Despite being the country most responsible for inventing and building the Internet, the U.S. is now in danger of being overtaken in the world it created. Thanks to poor government leadership on the issue so far this decade, the U.S. is falling further behind industrialized nations in broadband penetration.
As we proceed through one of the most interesting presidential elections in generations, we must remain focused on how these candidates will help ensure the nation's economic competitiveness in an era where data can move so effortlessly across borders and oceans.
Remaining preeminent in Internet technology can't just be the work of Silicon Valley and tech entrepreneurs in Seattle, Austin, New York, or Boston. We must remember that the Internet has always advanced because of ongoing investment in research and technology by federal and state governments. Today's worrisome situation is due to the fact that the government has in recent years seemed uninterested in addressing issues like broadband access, the digital divide, and fostering new generations of technology.
The U.S. is still lagging far behind in wireless and broadband investment. U.S. broadband penetration actually dropped from 12th place to 15th among the major industrialized nations, according to the Organization for Economic Cooperation and Development (OECD). As for the nation’s Internet penetration? The U.S. dropped from 4th in the world in 2001 to 15th in 2007.
Other countries understand that investing in Internet infrastructure today pays off tomorrow. Cisco Systems Inc. (Nasdaq: CSCO) CEO John Chambers explains: “Japan got that broadband is the highway of the future. It’s not the solution; all they do is create the highways. Their broadband capability is 20 times the speed at one 20th the cost of our country. The ability of tying broadband to economic advantages is something Senior Minister Lee Kuan Yew in Singapore clearly understands. He’s going to put something called a Gigabit in every home in Singapore. A Gigabit is only about a thousand to 10 thousand times faster than what we have in our homes. That’ll change his healthcare system, create jobs. It’ll allow them, a nation of several million, to compete in the global environment in a unique way."
London is rolling out a citywide wireless network, where anyone can get online for about ₤11 a month and keep their connection anywhere in the city. As Labour MP Derek Wyatt, head of the all-party Parliamentary Internet Group, told the Evening Standard, “Such a large-scale project is an exciting prospect for communications in the U.K., allowing people to send emails, make cheap phone calls, surf the Internet, do business, and even play games online, wherever they are.”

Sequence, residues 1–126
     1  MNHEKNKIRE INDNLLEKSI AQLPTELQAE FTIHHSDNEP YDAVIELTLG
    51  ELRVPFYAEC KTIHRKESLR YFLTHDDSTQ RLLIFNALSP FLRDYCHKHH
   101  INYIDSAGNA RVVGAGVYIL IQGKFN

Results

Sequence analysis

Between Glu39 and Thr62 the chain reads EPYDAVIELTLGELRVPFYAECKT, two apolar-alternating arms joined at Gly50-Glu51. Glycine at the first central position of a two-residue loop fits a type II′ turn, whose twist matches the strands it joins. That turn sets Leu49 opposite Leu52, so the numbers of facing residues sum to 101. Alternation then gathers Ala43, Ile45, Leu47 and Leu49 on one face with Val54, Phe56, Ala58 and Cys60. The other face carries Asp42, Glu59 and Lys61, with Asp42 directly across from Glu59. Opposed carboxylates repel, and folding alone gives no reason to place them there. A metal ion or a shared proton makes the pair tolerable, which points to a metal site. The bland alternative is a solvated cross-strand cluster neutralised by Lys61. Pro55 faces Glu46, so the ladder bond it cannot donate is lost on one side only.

Like Japan and England, other countries up and down the economic ladder are moving ahead with what they recognize as necessary investments. Towards the top of the ladder, countries like Finland, Sweden, New Zealand, Canada, and South Korea are making huge infrastructure investments to compete on the world stage. Further down the ladder are emerging economies like India, China, and Eastern European countries that realize investments in research, development, and infrastructure are tickets to a better life in the 21st Century.
“If innovation and entrepreneurship profoundly shaped the 20th century, they will define the 21st,” explains Bruce Mehlman, who served as the Bush administration’s Assistant Commerce Secretary for Technology Policy. “Going forward, the nations with the most competitive technology-based economies will be those whose policies promote innovation, support entrepreneurship, and make sustained investments in scientific research and talent.”
At every turn in this presidential election, which is the first campaign of a new era driven by technology, we must be sure to ask: Which candidates in 2008 will recognize that the U.S. is losing ground and commit themselves to ensuring that this country -- the dominant power of the 20th Century -- doesn't cede its leadership in the 21st? This is no small task, to be sure, but it's one uniquely suited to the national ethos of innovation, groundbreaking technological advances, and continued commitment to inventing the new new thing.
— Garrett M. Graff, Editor at large at Washingtonian magazine, author of The First Campaign: Globalization, the Web, and the Race for the White House